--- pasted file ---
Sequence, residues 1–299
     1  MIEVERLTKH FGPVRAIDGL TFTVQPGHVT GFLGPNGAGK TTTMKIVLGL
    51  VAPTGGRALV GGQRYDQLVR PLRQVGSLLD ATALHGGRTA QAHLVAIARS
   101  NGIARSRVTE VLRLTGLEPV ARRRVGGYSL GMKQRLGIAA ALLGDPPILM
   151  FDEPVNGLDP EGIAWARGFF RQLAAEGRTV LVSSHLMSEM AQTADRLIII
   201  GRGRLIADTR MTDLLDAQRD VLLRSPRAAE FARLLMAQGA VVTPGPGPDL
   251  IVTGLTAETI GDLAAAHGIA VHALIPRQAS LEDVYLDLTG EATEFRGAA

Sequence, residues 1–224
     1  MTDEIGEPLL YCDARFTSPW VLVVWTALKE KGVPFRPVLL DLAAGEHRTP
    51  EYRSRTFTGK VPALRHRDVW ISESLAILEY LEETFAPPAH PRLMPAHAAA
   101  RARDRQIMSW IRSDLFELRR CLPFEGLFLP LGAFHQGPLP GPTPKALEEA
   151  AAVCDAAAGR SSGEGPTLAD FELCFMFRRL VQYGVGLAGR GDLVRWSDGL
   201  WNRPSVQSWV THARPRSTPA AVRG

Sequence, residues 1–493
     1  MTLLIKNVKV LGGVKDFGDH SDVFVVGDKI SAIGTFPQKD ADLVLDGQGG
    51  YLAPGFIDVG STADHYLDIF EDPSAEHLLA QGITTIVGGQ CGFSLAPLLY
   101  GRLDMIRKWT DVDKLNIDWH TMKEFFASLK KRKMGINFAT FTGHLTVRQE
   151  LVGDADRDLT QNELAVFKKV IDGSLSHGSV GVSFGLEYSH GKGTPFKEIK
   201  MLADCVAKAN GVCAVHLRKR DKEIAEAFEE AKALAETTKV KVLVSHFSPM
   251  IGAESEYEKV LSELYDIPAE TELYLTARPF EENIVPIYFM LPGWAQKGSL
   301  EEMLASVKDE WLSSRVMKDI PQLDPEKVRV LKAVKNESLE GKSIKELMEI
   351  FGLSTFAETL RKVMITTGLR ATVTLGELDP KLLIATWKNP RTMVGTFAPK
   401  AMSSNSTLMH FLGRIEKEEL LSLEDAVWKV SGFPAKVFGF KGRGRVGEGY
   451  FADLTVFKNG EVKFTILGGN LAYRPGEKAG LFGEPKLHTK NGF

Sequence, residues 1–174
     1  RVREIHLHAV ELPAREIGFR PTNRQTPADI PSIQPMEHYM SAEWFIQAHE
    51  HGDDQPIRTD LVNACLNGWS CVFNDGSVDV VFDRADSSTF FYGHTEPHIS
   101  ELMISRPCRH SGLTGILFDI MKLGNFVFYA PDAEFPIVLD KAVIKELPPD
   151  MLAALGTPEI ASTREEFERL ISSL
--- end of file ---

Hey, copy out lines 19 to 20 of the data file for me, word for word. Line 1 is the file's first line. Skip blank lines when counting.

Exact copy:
   201  MLADCVAKAN GVCAVHLRKR DKEIAEAFEE AKALAETTKV KVLVSHFSPM
   251  IGAESEYEKV LSELYDIPAE TELYLTARPF EENIVPIYFM LPGWAQKGSL